Groucho
06-03-2009, 04:54 PM
In my industry we (and other engineering companies) plain DON'T buy Chinese steel and pipe for certain projects.

I don't know how you fix stupid.

Matt,
I wonder if you speak of engineering companies who are REGULATED not to by material from outside the U.S.? For example the airline industry. We fabricate parts for the airline industry that has nothing to do with the operation of the planes/helicopters in any way, but we have to certify that the material is completely U.S. made.
Or are you speaking of high end projects that demand expensive certified material. Don't misinterpret what I am saying, I can have the Chinese steel I use certified for just about any purpose, the Chinese aren't that selective. They want all of the pie. BUT there are things that will sell at higher prices because MADE WITH US STEEL was in the description.

Only the companies who are regulated or possibly ISO certified require those material in our industry. The engineers might draw it up that way, but when it comes to the bottom line the buyers and the officers might decide Chinese steel isn't bad, which is what we deal with every day.

Can't fix stupid. You can just help it along so that you don't become infected. :lmao:

DaveInDenver
06-03-2009, 05:08 PM
So Matt, why do you think it's your or anyone else's responsibility and authority to tell someone not to do something? What are your motivations for not buying Chinese steel? Is it a statement, truly quality related, plain and simply patriotic? Why do you own 3 Japanese trucks and how do you justify them? So for some things you can be comfortable not supporting the American product and while on others you can not?

Trust me, I do not have all the answers in my head. I avoid Chinese stuff as much as possible (good luck finding 100% US-made electronic assemblies) but I'm trying to figure out the reasoning. I used to get upset with Wal-Mart and Chinese junk but have been thinking through it more and it really doesn't upset me beyond that it's wasteful buying several non-repairable or limited life widgets when you could save a little longer and buy fewer quality widgets over the utility lifespan. I think if everyone just slowed down their consumption, decided to either wait or do without a new iPod every year that things would naturally come around. There would be a lot less demand for ultra cheap junk if people decided they didn't really need to keep up with the Jones.

I mean, take shoes for example. There are still good quality domestic shoe producers like Chaco and Redwing, but instead of $95 for Colorado-made Chacos people would rather buy $10 Wal-Mart sandals (with the I think generally acknowledged possibility of chemical issues). So who is the bad person here? The person who spends way more than they had to for sandals or the person just trying to make it against inflation and have some comfortable shoes? And who has in the end spent more? The person who buys a pair of Chacos that last 10 years with a re-sole or the person who bought a new pair of Chinese sandals every year? Then who has created the bigger environmental issue? Then what do you do about it? Impose regulation that everyone MUST buy 'sustainable' shoes that can be re-soled. Who pays for that?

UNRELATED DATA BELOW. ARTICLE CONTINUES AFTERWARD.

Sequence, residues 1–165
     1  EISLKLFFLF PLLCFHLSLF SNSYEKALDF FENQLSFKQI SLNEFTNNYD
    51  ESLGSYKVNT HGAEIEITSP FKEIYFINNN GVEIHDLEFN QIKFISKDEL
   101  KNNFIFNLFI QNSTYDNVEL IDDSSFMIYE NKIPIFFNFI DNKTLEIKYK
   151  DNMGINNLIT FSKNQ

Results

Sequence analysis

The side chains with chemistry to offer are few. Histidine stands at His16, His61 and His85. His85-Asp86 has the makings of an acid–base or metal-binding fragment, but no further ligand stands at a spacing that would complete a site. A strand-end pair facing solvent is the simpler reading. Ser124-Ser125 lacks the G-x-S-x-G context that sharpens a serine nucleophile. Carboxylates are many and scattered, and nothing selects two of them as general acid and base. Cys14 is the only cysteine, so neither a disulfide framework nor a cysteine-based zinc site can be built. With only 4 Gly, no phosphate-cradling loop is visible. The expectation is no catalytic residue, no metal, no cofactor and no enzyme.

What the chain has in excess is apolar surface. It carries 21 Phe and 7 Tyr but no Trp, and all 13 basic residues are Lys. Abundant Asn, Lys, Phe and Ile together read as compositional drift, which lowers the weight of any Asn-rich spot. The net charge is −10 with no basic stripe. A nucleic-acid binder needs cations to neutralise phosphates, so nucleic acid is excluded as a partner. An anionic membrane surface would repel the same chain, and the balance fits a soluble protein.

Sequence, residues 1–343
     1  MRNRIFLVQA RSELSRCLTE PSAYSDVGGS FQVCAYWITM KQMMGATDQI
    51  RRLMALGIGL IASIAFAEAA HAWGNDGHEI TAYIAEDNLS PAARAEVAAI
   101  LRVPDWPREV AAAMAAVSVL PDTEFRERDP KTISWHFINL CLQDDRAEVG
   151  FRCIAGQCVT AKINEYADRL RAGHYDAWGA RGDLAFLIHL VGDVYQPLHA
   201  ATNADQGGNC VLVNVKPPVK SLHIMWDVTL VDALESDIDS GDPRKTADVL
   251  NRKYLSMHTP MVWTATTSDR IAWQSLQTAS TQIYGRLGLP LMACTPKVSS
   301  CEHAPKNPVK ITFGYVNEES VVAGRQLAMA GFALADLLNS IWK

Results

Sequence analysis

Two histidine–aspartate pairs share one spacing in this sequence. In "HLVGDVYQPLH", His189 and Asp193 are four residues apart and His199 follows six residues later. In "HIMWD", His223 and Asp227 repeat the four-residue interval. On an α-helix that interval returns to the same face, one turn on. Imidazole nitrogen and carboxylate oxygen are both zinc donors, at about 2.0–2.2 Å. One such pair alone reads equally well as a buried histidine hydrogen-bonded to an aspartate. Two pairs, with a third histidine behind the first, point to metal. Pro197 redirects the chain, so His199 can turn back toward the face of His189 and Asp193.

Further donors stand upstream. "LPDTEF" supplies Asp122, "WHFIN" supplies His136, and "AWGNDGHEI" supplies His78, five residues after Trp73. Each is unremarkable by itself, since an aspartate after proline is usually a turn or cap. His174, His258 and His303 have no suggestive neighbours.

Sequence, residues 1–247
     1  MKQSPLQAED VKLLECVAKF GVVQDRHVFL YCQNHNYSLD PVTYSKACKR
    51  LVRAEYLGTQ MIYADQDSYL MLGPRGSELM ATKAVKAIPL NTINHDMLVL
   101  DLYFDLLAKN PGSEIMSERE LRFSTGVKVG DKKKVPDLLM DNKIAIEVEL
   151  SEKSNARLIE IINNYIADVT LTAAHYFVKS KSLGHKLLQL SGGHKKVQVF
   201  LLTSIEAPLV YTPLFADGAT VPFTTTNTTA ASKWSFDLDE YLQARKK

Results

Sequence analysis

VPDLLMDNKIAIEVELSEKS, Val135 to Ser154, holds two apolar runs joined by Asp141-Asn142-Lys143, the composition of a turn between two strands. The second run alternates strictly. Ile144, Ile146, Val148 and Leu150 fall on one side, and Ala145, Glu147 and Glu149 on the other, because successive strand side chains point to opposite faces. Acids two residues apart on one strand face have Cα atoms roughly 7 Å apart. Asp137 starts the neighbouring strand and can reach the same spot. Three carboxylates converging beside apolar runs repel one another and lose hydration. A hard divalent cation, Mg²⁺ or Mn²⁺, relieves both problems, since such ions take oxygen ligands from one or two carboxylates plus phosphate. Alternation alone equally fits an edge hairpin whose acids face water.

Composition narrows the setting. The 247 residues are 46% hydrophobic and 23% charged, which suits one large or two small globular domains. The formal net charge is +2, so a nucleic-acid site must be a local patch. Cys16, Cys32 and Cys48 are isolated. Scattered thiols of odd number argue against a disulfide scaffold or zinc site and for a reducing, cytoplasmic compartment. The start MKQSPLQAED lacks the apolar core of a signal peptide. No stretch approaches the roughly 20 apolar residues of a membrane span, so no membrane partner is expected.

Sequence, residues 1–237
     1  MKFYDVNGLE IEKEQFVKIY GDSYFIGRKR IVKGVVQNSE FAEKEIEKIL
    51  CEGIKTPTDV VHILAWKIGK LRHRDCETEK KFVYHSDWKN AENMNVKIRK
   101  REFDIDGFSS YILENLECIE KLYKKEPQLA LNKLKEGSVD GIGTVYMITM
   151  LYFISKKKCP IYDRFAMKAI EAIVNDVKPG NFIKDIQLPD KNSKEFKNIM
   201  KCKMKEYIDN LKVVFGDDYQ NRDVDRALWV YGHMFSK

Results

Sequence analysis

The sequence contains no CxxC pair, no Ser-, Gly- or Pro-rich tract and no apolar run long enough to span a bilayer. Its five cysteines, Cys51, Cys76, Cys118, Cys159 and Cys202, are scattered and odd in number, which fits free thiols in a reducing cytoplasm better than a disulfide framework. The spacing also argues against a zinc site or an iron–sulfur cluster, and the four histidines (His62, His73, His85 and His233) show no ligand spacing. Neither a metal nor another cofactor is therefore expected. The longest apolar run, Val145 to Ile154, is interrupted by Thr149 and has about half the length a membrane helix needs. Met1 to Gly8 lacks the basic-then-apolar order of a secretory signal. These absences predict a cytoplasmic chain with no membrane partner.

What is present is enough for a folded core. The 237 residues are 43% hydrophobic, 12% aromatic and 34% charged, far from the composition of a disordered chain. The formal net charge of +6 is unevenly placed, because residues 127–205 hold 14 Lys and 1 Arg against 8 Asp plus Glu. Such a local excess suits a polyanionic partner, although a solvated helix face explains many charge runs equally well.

Mendocino
06-03-2009, 05:19 PM
My apologies. I've removed my posts. These arguments often end with me pissing a bunch of people off, and I really don't want to offend people and lose friends in this club just for the sake of a pointless opinion.

Better that I keep focused on what we all mutually love: the wheeling!!

Cheers guys!:thumb:

Issac,

I appreciate you challenging my opinions as well as others. We may not agree on everything but you have never pissed me off.:)

DaveInDenver
06-03-2009, 05:21 PM
Actually it is not a silly example...Situations similar to your "silly" example are already occurring now in states like CA and NY. It is starting with schools to keep the kids "healthy" and branching out. If Obama is successful in his push for Nationalized Healthcare it will get worse...I don't think it takes too much of a stretch of the imagination to see the government banning unhealthy foods because "they" are paying for your healthcare now
Soda Tax Proposal to Help Fund Health Care Reform Stirs Opposition (http://www.foxnews.com/politics/2009/06/03/soda-tax-proposal-help-fund-health-care-reform-stirs-opposition/)

"A push for new taxes on soda, beer and wine to help pay for Americans' health care is stirring up more than just the beverage industry.

Advertisers, corn refiners -- even addiction treatment centers -- have mobilized their lobbyists, reflecting how a tax increase for a handful of popular products can reverberate broadly across Washington's interest groups.